No. I think Microsoft’s monopoly fossilised the notion of what an operating system is and should do, and perpetuated the idea that applications have to be written for them. That model has obviously served them – but not us – rather well as we await the arrival of Office 2007 in all it’s pointless glory. Ventura Publisher 1.0? The gap between IE6 and IE7 was five years! Oh, and remind me what Vista does that Windows 98 doesn’t.

Apple is an irrelevance in all this since they have been simply “the anti-Microsoft” in the market, but Microsoft’s dominance in their industry has locked Apple into a very narrow ability to innovate. It’s not their fault, so they have to go into phones instead.

But the function of an operating system is pretty well defined. It’s the framework that allows applcations to utilise the hardware. Yes, once you take the bundled applications out, Windows XP doesn’t do a lot *more* than Windows 98 (I’ve not played with Vista so I can’t comment on that), but it does better (from a user’s point of view). It still uses the filing cabinet / folder paradigm originally designed by Xerox and popularised by Apple, but a) it works, b) users are comfortable with it, and c) I don’t see anyone developing anything radically different (in operation, not philosophy).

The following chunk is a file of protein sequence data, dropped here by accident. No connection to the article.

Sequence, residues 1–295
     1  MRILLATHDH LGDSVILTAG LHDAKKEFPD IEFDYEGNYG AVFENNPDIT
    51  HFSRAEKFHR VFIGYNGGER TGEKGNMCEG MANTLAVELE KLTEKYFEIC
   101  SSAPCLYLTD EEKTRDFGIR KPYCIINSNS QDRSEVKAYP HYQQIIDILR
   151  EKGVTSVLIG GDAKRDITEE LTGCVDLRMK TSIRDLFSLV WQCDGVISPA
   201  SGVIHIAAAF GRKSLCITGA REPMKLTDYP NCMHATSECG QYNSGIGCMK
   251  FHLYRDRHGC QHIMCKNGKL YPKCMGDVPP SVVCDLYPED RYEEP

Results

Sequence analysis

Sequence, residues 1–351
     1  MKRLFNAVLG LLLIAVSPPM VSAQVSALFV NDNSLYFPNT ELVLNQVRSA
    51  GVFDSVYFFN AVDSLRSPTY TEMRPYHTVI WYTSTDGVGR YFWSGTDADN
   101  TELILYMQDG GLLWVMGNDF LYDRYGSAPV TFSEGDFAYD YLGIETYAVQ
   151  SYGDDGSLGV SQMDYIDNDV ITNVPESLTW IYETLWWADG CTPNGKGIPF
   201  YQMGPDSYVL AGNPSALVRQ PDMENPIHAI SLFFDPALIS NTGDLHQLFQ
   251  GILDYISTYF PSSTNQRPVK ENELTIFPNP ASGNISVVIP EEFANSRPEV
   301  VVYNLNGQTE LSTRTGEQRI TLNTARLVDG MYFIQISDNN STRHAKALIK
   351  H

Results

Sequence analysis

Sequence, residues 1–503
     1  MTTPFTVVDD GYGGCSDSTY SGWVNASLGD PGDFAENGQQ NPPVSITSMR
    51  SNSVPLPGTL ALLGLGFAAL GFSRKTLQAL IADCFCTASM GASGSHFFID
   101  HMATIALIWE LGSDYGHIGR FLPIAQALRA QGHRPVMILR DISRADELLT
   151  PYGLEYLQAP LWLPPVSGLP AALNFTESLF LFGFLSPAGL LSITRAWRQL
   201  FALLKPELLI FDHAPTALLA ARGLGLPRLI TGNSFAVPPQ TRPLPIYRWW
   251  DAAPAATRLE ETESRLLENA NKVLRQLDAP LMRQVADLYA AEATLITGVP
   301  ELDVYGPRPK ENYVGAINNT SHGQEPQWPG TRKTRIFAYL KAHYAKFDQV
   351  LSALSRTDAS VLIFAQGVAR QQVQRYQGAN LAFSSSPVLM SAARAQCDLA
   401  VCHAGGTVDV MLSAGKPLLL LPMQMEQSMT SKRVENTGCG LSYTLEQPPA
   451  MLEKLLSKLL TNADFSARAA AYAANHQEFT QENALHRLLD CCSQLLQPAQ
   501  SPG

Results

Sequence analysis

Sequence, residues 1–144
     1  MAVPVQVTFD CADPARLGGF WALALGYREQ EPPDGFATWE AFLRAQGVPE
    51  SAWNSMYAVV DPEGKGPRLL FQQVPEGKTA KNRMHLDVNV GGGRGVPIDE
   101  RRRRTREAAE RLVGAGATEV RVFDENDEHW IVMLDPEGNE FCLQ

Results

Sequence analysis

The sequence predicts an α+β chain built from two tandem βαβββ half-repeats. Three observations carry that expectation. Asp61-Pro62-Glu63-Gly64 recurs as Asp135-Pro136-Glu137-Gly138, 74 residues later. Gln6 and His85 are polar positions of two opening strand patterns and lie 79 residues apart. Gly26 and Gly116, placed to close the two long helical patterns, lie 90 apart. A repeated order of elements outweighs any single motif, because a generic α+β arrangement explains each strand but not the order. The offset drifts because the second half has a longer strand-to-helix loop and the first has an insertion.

Additionally, for paid for desktop apps (so excluding browsers and media players – there’s a whole separate discussion), other than office suites, I don’t see Microsoft utterly dominating the marketplace in any sector.

Yes, Microsoft makes obscene profits. Yes, there are companies more innovative (but does the non-geek user want innovative, or does (s)he want a tool that works? Again – a whole different argument) but to finger Microsoft as the only villain in this piece is way wide of the mark. I’ll still posit that Microsoft’s levelling of the playing field by providing a consistant platform for development has allowed and encouraged more innovation than it’s stifled by (arguably) not innovating enough in the development of that platform.

I still can’t see why the same argument (about Microsoft’s “level playing field”) can’t be used to argue *against* their monopoly as much as for it. I admit it’s rather philosophical to say that they had fossilised the notion of an OS, but it seems rather strange to suppose that the only way in which computer software could ever have existed is in the current OS/application model.

Similarly, the fact that you don’t see anyone doing anything radically different could be as much because of the distorting effect of an OS with 95% market penetration as it is to do with whether anyone can think of an alternative. This is the fundamental problem with monopolies – any analysis of the competition (if there is any) is doomed to a chicken-and-egg conundrum.